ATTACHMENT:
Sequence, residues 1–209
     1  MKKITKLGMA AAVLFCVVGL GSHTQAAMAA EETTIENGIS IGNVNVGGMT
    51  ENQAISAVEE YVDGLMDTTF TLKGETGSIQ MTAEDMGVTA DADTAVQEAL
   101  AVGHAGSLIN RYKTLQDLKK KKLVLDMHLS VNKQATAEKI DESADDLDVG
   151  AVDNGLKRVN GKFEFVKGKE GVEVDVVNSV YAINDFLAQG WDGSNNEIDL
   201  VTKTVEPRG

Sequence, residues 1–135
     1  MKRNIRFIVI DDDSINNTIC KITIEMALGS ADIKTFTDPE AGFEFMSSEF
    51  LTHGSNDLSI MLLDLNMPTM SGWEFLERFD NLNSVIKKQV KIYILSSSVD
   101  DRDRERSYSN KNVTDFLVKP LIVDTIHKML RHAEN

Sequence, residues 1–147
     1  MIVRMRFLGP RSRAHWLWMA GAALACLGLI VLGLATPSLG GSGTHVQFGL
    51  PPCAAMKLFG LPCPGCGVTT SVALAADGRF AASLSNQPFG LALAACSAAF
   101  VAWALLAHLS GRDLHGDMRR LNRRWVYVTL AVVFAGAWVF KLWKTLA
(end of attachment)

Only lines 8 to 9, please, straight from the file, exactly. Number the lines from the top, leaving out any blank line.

     1  MKRNIRFIVI DDDSINNTIC KITIEMALGS ADIKTFTDPE AGFEFMSSEF
    51  LTHGSNDLSI MLLDLNMPTM SGWEFLERFD NLNSVIKKQV KIYILSSSVD